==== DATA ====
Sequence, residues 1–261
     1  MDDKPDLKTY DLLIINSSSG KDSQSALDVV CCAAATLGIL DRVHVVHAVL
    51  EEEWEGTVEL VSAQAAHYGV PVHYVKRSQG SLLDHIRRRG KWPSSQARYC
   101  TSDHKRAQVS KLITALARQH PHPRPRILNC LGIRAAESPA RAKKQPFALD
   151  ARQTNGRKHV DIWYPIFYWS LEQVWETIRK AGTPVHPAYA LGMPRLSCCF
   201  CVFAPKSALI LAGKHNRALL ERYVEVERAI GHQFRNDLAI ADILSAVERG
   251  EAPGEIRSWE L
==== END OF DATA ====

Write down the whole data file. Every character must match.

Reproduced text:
Sequence, residues 1–261
     1  MDDKPDLKTY DLLIINSSSG KDSQSALDVV CCAAATLGIL DRVHVVHAVL
    51  EEEWEGTVEL VSAQAAHYGV PVHYVKRSQG SLLDHIRRRG KWPSSQARYC
   101  TSDHKRAQVS KLITALARQH PHPRPRILNC LGIRAAESPA RAKKQPFALD
   151  ARQTNGRKHV DIWYPIFYWS LEQVWETIRK AGTPVHPAYA LGMPRLSCCF
   201  CVFAPKSALI LAGKHNRALL ERYVEVERAI GHQFRNDLAI ADILSAVERG
   251  EAPGEIRSWE L